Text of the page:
Although the Guardian's annual reports were filed late, the record establishes that the untimeliness is attributable to the objections of a prior Court Examiner to the format of the reports, and subsequent delays in appointing a new Court Examiner and reassignment of the matter to two additional justices. Where, as here, the IP has not been prejudiced by the lack of strict adherence to the statutory filing deadlines, and the Guardian and his attorney have explained the reasons for the delay, removal is an inappropriate remedy, though the court may consider other remedies, such as ordering compliance or reducing or denying the guardian's compensation (see Mental Hygiene Law § 81.32[c], [d] ).
Nor do we find that the Guardian's accounting errors and disbursements of fees without prior court approval warrant his removal (see Matter of Chase, 264 A.D.2d at 332-333, 694 N.Y.S.2d 363). This was a large estate of approximately $2 million and there is no allegation that these funds were not paid to the appropriate persons due such fees (see Matter of Robinson, 272 A.D.2d 176, 177, 709 N.Y.S.2d 170 [guardian of IP with large estate would be derelict in his or her duties in not seeking professional financial management advice] ). More significantly, the evidence indicates that the Guardian did not seek prior judicial approval of disbursements for legal and investment advisory fees due to the lack of a Court Examiner, and those services ultimately benefitted, rather than harmed, the estate (see Matter of Chase, 264 A.D.2d at 333, 694 N.Y.S.2d 363 [suspicious transfers of IP's assets by co-guardian children were actually to protect IP's estate from former companion] ). Moreover, since the IP is now deceased, only a final accounting and other limited matters are left for the Guardian to accomplish.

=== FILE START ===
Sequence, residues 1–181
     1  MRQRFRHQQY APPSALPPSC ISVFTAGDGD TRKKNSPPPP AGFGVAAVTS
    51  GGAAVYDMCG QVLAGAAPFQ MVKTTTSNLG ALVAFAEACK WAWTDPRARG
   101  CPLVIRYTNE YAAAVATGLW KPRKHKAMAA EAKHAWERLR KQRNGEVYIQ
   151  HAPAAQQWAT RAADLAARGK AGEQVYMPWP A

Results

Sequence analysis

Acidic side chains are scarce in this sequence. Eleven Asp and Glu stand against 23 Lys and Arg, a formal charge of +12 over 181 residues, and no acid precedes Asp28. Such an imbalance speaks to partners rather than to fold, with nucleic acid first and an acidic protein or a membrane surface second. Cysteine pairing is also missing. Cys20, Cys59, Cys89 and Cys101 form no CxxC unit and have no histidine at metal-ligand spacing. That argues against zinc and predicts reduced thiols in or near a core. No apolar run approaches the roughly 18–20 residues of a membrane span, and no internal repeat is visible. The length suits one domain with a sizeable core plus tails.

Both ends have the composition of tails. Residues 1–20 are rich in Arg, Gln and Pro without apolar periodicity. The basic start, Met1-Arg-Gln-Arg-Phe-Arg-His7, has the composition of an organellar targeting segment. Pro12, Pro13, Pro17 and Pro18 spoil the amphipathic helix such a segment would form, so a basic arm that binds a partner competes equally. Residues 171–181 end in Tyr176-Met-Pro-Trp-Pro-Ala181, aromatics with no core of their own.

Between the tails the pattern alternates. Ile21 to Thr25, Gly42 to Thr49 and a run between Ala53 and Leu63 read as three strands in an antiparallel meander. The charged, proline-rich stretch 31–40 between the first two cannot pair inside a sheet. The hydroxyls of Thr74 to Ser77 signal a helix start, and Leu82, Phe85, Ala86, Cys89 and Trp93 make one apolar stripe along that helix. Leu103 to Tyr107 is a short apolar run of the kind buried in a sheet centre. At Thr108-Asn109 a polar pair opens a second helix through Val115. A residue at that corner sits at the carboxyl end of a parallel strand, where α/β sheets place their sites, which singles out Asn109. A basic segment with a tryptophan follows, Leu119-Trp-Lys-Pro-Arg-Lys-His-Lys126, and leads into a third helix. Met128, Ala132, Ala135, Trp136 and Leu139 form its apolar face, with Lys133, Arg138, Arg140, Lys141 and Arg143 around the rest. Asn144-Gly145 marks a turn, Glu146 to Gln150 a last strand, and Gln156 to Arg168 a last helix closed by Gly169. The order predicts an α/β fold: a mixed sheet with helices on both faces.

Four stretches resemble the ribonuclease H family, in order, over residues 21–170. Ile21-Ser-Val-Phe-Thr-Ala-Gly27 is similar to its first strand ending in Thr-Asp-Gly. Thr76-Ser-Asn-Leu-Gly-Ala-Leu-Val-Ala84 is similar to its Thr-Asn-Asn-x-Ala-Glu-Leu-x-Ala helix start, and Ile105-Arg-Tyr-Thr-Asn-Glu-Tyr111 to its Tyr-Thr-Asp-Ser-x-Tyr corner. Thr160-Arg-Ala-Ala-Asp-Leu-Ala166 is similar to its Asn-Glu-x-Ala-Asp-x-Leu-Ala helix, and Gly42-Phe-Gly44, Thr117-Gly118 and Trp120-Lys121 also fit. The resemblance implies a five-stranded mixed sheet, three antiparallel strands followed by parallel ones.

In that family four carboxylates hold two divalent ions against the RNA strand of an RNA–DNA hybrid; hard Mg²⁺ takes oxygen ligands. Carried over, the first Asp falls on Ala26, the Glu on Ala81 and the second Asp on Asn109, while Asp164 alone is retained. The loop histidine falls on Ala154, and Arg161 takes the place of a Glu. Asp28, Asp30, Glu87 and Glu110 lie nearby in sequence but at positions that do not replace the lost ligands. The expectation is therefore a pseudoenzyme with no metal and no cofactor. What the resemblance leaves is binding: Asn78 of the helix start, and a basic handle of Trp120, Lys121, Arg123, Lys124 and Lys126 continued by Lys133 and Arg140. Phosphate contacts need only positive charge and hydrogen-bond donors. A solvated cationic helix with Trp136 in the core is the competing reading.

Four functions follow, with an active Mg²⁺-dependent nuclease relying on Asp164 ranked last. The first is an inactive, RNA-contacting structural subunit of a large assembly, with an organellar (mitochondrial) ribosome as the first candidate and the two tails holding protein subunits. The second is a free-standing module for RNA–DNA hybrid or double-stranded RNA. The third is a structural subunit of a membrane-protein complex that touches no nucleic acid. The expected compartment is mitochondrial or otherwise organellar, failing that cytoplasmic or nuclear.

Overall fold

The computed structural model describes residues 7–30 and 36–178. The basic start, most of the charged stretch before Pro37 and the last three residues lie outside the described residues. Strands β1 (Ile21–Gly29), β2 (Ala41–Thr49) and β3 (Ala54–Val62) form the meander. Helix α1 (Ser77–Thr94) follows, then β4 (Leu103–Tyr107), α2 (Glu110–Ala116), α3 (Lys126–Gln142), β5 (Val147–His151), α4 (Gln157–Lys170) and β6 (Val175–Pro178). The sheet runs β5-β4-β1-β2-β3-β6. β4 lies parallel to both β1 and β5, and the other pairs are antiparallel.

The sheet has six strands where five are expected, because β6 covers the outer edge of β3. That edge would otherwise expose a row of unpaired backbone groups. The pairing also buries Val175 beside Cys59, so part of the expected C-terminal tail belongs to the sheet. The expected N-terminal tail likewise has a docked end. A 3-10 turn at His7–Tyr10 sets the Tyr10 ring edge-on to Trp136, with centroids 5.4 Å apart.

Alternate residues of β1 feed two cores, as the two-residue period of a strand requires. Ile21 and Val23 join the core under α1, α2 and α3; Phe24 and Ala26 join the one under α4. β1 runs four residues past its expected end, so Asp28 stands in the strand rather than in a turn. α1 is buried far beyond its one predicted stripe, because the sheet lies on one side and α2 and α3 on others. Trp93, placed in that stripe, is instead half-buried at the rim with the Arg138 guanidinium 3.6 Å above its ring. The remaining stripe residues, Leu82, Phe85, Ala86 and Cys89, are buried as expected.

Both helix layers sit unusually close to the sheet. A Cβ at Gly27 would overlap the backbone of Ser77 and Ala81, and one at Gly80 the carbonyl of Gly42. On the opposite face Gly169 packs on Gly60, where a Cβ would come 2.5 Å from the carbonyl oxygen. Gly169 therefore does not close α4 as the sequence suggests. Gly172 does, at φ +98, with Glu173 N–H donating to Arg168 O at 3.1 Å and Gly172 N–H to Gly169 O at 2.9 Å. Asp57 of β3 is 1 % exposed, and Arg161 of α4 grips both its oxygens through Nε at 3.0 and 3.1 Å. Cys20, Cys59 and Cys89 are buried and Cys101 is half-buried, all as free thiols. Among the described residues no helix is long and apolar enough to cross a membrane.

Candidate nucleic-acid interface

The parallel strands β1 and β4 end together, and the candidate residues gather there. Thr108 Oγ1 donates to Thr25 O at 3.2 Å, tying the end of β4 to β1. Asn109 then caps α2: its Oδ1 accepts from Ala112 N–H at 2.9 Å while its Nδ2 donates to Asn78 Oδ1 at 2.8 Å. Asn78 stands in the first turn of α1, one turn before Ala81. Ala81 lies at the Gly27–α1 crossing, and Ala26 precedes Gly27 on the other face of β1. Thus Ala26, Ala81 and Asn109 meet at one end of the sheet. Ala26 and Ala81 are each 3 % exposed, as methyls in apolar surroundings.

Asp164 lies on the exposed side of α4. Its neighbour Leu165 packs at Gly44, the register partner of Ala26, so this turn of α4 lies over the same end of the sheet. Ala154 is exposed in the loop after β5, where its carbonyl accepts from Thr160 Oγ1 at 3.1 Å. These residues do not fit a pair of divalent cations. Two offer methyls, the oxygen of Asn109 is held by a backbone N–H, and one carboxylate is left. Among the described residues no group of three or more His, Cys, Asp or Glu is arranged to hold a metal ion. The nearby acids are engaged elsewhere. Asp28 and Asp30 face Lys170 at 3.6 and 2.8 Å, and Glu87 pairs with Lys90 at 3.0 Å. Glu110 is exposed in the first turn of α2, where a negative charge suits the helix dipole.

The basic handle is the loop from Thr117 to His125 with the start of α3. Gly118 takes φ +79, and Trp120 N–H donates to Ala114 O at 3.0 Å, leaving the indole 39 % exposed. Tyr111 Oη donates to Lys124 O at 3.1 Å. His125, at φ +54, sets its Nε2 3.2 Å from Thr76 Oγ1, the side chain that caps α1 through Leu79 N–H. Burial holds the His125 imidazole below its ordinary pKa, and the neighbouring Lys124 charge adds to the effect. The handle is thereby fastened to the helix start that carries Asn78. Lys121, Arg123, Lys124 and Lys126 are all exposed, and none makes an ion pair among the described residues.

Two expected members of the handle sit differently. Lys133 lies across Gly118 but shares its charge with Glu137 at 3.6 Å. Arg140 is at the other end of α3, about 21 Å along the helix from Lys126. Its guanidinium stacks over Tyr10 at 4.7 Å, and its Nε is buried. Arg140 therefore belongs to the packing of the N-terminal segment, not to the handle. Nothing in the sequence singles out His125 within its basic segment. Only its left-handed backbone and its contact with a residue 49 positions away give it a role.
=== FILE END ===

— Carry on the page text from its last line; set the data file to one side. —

In light of the ample evidence that the Guardian has been diligent and attentive in protecting the personal and property interests of the IP prior to her death, and since the strong preference for appointing a relative as guardian has not been overcome by a showing that the Guardian is not suitable to exercise the powers necessary to assist the incapacitated person or has a conflict of interest, the order removing the Guardian and appointing the guardian-designee was an improvident exercise of discretion and must be reversed (see Matter of Von Bulow, 63 N.Y.2d at 225, 481 N.Y.S.2d 67, 470 N.E.2d 866).
We further note that the article 81 court's appointment of the guardian-designee as Guardian Ad Litem for the purpose of conducting a final accounting is fundamentally inconsistent with our December 2002 stay order. Accordingly, we direct that this matter be remanded for further proceedings before another Justice.